Opinions on Rates, Regulators, Taxes, and -- Beanies
The bankers who attended the annual convention of the American Bankers Association were a diverse lot.
About 44% came from institutions with assets of more than $100 million, and an equal number hailed from banks with less than $100 million in assets.
Six out of 10 came from small towns, and the rest were divided evenly between the cities and suburbs. Most were chief executive officers, but a third were not.
And fully one-third agreed that thrifts could be distinguished from banks by their tellers, who wear beanie hats and propellers. (More on that later.)
Questions from Moderators
We know all this because the ABA provided hand-held polling devices to those who attended the general sessions. The devices permitted the moderator of the moment to ask a question and almost instantaneously display the results.
Some of the most interesting questions apparently were deemed too controversial to touch, such as whom bankers plan to vote for in the presidential election.
But outgoing ABA president Alan Tubbs made up for it by bringing up a number of other pertinent issues.
On the question of interest rates, 66% said they should be held at their current levels, while 14% said they should be cut and 20% said they should be raised.
Tax incentives were favored by 59% of the bankers as the action most likely to stimulate the economy, followed by spending cuts and debt reduction at about 19% each.
The audience was evenly divided on whether a credit contraction existed in their local market. They were also split on the cause of any crunch that might exist.
Most blamed the regulators, but a third cited reduced loan demand and 24% pointed to tighter credit standards. Four out of five said they have tightened their credit standards over the past two years in response to changes in supervisory practices.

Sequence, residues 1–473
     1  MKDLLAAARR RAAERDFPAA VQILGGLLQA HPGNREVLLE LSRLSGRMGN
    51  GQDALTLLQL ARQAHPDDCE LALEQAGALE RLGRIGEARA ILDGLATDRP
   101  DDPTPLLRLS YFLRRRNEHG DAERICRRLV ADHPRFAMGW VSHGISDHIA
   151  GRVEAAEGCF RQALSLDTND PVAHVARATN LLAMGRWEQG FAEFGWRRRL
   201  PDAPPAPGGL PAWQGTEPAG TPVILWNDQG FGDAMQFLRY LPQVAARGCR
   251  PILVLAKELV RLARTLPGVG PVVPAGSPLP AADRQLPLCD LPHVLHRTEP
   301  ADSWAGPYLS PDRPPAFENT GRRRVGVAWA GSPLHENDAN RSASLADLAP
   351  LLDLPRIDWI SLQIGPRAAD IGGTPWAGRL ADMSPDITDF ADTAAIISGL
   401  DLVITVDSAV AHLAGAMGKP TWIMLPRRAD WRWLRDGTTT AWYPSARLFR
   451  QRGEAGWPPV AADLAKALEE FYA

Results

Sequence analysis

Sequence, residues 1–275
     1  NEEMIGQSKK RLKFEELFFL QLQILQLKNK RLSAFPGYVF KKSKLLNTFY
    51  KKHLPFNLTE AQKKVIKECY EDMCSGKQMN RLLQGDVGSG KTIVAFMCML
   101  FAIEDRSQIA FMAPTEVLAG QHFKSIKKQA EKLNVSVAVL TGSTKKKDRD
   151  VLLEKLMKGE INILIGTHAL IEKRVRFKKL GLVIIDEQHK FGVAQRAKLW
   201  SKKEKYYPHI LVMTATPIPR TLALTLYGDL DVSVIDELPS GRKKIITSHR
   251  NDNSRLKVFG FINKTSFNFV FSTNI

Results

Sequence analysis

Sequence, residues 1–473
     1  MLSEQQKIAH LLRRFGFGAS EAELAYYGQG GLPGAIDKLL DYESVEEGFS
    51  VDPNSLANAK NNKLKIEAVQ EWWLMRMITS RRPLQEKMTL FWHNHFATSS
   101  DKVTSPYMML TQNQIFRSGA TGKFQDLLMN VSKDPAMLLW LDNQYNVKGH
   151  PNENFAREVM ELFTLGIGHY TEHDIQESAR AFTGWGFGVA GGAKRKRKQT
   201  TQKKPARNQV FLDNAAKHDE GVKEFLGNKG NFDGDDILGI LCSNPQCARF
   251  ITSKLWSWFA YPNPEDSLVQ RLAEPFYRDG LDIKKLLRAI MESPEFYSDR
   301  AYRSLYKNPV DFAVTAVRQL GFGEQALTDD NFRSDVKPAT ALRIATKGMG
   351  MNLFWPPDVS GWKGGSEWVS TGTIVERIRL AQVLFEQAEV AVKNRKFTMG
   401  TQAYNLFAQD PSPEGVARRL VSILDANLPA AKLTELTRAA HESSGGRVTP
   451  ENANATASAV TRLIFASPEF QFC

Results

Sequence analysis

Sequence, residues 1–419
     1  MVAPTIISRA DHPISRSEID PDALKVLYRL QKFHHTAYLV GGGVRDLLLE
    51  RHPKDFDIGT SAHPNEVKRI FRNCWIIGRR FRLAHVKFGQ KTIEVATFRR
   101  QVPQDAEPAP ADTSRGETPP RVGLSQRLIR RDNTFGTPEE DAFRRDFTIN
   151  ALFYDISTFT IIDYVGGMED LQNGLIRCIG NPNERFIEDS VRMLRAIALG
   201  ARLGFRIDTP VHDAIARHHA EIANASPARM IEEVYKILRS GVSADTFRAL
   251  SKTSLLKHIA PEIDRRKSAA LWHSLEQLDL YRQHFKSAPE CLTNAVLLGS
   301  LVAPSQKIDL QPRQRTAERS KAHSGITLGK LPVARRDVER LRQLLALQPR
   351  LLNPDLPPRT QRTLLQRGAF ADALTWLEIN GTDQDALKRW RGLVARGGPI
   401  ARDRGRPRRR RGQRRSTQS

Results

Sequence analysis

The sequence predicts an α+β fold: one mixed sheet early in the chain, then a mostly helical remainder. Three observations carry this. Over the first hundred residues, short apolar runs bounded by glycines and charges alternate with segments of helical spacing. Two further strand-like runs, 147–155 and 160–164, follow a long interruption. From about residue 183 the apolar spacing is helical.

One in five said their relationships with their principal regulators were confrontational, and a third said the relationships were positive and cordial. The rest said their relationships were professional but distant.
There were some surprises. Forty-one percent said they had considered giving up their bank charters because of regulatory concerns.
Most said they were active lobbyists. Three out of four had visited or called their congressional representatives at least once in the past year and nearly half cited three or more contracts.
Fully 74% said they had communicated with their customers about the condition of the banking industry over the part year.
As Regards Funny Hats
Now about those beanies.
Mr. Tubbs asked a practice question at the beginning to get people used to pushing those buttons: What's the difference between an S&L and a commercial bank? A fifth said "nothing," 35% said S&Ls have no savings but still make loans, and the rest voted for beanie hats and propellers.
Stay tuned. The Savings and Community Bankers Association, the big thrift trade group, has its annual convention next month.